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The Nostalgia Factory: Memory, Time and Ageing

The Nostalgia Factory: Memory, Time and Ageing

by Douwe Draaisma

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With a storyteller’s gift and a scientist’s insights, Draaisma celebrates the unique pleasures of the aging memory

You cannot call to mind the name of a man you have known for 30 years. You walk into a room and forget what you came for. What is the name of that famous film you’ve watched so many times? These are common experiences, and as


With a storyteller’s gift and a scientist’s insights, Draaisma celebrates the unique pleasures of the aging memory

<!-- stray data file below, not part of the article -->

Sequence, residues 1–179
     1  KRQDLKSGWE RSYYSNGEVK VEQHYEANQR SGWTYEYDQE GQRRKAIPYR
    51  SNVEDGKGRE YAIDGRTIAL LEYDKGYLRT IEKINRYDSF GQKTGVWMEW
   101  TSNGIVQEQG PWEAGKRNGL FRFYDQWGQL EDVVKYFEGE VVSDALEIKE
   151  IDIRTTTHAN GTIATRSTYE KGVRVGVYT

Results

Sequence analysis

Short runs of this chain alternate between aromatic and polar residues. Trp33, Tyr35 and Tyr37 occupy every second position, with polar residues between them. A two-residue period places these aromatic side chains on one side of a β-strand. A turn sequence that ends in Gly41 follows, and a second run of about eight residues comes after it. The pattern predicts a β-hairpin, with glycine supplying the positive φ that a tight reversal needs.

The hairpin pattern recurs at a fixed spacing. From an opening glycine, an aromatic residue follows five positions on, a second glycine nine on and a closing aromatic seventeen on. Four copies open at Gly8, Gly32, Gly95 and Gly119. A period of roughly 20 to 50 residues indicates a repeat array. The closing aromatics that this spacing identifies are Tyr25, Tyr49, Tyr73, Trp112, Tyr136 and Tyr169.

You cannot call to mind the name of a man you have known for 30 years. You walk into a room and forget what you came for. What is the name of that famous film you’ve watched so many times? These are common experiences, and as we grow older we tend to worry about these lapses. Is our memory failing? Is it dementia?
Douwe Draaisma, a renowned memory specialist, here focuses on memory in later life. Writing with eloquence and humor, he explains neurological phenomena without becoming lost in specialist terminology. His book is reminiscent of Oliver Sacks’s work, and not coincidentally this volume includes a long interview with Sacks, who speaks of his own memory changes as he entered his sixties. Draaisma moves smoothly from anecdote to research and back, weaving stories and science into a compelling description of the terrain of memory. He brings to light the “reminiscence effect,” just one of the unexpected pleasures of an aging memory.